DCIM Capstone Lifestyle

Influencers: Affecting Consumer Purchasing

It is obvious that social media influencers have some kind of influence over their followers’ purchasing decisions, but how much? More than that, What makes a person worthy of being a successful influencer? A study was done on influencers as opinion leaders in the fashion industry, and they found that “…aspects such as creativity, or being one of a kind, seem to be crucial to becoming an online influencer in the fashion industry” (Casalo, Flavian, & Ibanez-Sanchez, 2018). There are a lot of fashion influencers on Instagram that seem to have the same exact feed. Their posts are so similar because they are part of the same niche and that crowd of followers likes those kinds of posts. However, they all have a unique quality that draws followers to them rather than others. Influencers that post about their personal lives tend to gain more of a following than those who don’t because followers feel like they really know them. It feels like you’re following a friend. Other influencers gain popularity because they are doing something that other influencers aren’t. Instagram influencer @snitchery is known for posting interesting makeup looks, and then FaceTuning her hair and her background to be the same bright color. Her whole food put together looks like a gathering of paintings and is quite eye-catching. The more unique an influencer is and the more they personally engage with their audience, the more opinion leadership they will have over followers. Research shows that originality and uniqueness have a positive correlation with followers actually purchasing the products that the influencers promote (Casalo, Flavian, & Ibanez-Sanchez, 2018).

Followers aren’t just trusting influencers, they are beginning to distrust big brands when they advertise for themselves. Consumers are well-aware that brands are going to say their products are the best no matter what. A video made by The New York Times claims that “Chinese consumers are typically skeptical of brands and instead rely on peers, influencers, and celebrities to inform their purchasing choices…” (The New York Times, 2018). This is true elsewhere in the world, as well. Distrust of companies and brands is common and consumers would rather turn to influencers that are more likely to give their honest opinion of a product.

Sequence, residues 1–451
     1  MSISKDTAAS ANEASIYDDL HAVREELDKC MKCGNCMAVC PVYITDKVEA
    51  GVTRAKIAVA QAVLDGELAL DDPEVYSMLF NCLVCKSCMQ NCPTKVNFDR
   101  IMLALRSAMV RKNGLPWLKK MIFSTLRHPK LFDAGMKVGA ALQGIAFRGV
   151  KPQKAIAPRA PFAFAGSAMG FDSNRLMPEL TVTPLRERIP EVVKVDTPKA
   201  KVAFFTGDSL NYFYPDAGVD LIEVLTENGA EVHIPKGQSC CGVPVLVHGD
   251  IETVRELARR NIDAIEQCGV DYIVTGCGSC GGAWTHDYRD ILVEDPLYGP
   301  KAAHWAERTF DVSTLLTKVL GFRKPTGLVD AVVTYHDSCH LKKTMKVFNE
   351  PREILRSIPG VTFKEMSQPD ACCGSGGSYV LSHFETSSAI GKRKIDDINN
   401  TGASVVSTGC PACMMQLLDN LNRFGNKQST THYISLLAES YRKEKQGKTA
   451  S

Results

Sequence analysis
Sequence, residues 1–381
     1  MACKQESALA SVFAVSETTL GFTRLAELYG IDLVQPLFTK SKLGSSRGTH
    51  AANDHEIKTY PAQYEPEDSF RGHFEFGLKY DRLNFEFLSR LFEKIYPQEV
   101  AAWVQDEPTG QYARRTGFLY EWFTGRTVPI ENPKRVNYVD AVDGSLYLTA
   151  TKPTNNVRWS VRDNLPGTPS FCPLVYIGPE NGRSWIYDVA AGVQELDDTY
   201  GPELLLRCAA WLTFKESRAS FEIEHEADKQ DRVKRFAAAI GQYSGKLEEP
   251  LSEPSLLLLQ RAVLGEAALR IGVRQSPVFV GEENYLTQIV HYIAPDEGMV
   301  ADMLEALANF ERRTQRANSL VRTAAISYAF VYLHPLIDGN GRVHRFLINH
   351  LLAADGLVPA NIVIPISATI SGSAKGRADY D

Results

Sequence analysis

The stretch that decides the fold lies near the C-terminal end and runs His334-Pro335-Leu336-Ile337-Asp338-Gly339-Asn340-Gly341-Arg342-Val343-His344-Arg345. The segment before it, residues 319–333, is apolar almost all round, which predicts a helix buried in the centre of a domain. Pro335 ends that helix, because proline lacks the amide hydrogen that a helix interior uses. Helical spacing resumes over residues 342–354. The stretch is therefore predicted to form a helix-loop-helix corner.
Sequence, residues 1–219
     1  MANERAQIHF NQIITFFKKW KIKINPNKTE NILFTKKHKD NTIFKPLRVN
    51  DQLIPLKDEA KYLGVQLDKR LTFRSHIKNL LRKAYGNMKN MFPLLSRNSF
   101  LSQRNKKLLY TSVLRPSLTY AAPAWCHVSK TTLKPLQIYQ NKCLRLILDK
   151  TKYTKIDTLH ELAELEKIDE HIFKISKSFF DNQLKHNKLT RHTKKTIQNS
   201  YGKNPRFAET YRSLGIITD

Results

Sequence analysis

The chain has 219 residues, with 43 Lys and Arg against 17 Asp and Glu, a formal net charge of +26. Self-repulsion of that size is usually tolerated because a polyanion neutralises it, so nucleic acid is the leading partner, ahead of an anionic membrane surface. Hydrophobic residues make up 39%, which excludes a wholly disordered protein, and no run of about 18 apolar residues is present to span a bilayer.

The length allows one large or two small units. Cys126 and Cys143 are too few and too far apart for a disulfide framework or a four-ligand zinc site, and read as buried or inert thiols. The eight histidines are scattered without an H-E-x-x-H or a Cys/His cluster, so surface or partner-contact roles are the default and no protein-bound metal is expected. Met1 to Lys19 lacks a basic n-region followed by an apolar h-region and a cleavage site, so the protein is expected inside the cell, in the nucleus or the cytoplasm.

Social media influencers are a valuable source of marketing for brands and are nothing to be scoffed at. Brands would greatly benefit from forming good relationships with influencers and using them as supplemental advertising. If not, they could get lost behind popular brands that are taking advantage of our social media-obsessed culture.


Casalo, L. V., Flavian, C., & Ibanez-Sanchez, S. (2018). Influencers on Instagram: Antecedents and consequences of opinion leadership. Journal of Business Research, 1-10. https://doi.org/10.1016/j.jbusres.2018.07.005
The New York Times (2018, November 13). In China, Influencers Rule. The New York Times. Retrieved from https://www.nytimes.com/video/fashion/100000006212156/in-china-influencers-rule.html

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